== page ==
Hyakuman Chobu Kaikon Keikaku (The million-hectare development plan) (百万町歩開墾計画)
The Hyakuman Chobu Kaikon Keikaku (The million- hectare development plan) was a government scheme during the Nara Period. It was mainly directed towards the Ou region. It was also called the "Ryoden Hyakuman Choubu Kaikon Keikaku" (Development plan for the million-hectare of fertile field). A million hectares were nearly impossible, so it may have merely been an idea or a slogan.
The plan was issued by the Yamato dynasty on April 25, 722. The plan contents were as below.
(Translated into modern language)
To ease social unrest within the Mutsu province and to provide stability to the people, a "choyo" (tax in tribute and labor under the ritsuryo system) will be exempted, and all those who come to the capital will be sent back to their land. All citizens will be required to work ten days on the development of the million-hectare of fertile field, and those who refuse will be punished by the district governors.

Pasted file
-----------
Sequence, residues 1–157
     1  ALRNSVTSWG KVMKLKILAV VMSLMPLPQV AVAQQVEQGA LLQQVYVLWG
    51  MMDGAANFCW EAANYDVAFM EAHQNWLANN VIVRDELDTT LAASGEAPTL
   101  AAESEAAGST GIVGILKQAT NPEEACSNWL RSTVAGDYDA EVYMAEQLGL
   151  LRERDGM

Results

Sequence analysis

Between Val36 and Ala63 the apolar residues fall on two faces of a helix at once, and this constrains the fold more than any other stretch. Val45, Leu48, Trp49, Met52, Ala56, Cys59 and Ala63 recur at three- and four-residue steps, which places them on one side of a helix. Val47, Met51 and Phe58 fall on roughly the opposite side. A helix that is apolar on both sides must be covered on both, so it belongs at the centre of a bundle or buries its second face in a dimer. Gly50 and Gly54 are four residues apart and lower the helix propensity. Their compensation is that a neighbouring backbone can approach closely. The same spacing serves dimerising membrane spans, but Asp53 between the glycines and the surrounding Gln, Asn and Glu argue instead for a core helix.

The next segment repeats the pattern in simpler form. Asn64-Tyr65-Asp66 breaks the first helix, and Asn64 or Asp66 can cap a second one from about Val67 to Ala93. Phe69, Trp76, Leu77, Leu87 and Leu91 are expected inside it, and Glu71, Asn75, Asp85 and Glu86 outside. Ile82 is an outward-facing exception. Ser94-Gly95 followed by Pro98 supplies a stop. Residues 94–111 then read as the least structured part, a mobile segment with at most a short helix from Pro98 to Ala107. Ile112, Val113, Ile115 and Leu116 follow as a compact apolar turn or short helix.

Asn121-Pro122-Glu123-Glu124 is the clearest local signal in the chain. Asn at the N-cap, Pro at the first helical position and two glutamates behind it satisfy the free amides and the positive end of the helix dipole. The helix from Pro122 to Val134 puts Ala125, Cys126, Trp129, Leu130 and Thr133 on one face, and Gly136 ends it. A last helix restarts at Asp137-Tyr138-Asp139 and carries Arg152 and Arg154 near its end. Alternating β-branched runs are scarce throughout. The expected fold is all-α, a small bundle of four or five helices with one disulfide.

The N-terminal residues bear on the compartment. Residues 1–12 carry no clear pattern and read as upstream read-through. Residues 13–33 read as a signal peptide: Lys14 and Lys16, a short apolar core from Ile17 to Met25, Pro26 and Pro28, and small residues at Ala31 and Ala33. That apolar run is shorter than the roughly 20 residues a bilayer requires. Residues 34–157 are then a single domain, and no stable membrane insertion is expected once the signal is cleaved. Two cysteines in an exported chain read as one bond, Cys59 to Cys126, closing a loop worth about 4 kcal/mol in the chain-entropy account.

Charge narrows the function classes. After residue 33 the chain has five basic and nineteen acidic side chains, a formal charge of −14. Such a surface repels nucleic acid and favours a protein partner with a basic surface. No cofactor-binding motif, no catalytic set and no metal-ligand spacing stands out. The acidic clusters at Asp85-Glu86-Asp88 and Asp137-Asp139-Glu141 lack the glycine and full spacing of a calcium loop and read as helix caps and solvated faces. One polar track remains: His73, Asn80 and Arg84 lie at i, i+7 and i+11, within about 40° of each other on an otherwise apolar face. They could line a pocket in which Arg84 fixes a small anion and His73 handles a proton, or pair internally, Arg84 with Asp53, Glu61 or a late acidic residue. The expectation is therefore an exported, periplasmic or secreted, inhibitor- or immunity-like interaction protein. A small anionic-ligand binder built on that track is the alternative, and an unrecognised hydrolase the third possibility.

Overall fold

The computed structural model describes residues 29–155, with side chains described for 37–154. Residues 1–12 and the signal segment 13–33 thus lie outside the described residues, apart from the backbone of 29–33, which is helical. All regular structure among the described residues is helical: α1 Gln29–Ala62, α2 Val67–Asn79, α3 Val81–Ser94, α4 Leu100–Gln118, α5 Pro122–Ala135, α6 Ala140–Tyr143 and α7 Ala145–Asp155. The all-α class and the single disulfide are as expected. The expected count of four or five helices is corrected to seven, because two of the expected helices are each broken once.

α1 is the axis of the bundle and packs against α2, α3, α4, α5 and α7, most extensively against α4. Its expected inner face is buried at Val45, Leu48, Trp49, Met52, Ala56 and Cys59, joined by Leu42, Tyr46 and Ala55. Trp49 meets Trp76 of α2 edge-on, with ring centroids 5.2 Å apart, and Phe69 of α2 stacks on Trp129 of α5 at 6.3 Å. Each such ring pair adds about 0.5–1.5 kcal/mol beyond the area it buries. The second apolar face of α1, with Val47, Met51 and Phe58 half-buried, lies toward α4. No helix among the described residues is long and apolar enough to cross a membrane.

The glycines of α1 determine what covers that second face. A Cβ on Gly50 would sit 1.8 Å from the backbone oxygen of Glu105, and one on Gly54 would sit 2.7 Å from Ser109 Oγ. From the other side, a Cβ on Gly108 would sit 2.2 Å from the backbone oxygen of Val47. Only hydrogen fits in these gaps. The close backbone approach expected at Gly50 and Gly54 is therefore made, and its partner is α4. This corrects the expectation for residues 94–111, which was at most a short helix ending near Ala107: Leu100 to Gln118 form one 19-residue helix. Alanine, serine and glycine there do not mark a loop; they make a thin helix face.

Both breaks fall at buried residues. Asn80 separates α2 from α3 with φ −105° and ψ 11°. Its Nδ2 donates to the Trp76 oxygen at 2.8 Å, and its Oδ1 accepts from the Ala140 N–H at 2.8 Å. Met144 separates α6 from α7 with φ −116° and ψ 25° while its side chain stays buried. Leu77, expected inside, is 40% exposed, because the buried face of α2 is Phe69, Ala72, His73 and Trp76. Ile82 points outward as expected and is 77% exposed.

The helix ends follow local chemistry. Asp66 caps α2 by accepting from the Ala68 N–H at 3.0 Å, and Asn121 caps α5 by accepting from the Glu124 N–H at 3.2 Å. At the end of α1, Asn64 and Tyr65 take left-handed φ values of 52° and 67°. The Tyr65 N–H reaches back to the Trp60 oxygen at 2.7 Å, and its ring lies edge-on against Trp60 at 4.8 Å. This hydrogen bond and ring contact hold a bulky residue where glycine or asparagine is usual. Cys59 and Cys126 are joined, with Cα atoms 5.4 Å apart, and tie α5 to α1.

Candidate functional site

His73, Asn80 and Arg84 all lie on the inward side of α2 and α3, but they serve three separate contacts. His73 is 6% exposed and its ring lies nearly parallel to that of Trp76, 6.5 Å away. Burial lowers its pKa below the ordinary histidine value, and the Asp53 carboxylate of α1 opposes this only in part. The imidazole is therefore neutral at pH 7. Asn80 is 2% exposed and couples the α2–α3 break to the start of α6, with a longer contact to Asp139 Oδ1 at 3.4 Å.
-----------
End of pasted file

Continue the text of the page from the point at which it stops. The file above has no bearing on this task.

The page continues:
Farmers who contributed a crop of over 3,000 koku from their harvest were promoted to the sixth rank in the kuni (order of merit), those who contributed over 1,000 koku received tax exemption for life, and those who already held the eighth court rank or higher were promoted by one rank in the kuni.
The interest rates of all government loans, both public and private, will be set at 30 percent.
As food is vital for the regiments in outlying regions, all those who contribute towards the provisions will be promoted.
The above four paragraphs were the outline of the plan.
However, the situations were that 'many farmers skipped out by night to avoid the burden from the development plan' or 'the problem that the farmers of allotted farmland became a vagrant emerged as a social issue' and as a result the development plan was not really carried out. According to the 'Wamyoruiju-sho' (Kango-Japanese Dictionary) that was published in the beginning of the 10th century, the Mutsu Province cultivated around 51,000 hectares, the Dewa Province around 36,000, which were very different from the original plan of a million hectares. The nationwide tally fell short of the million hectares, reaching only 880,000 hectares, and the plan was ultimately a failure. As described above, that is why it may have merely been a slogan.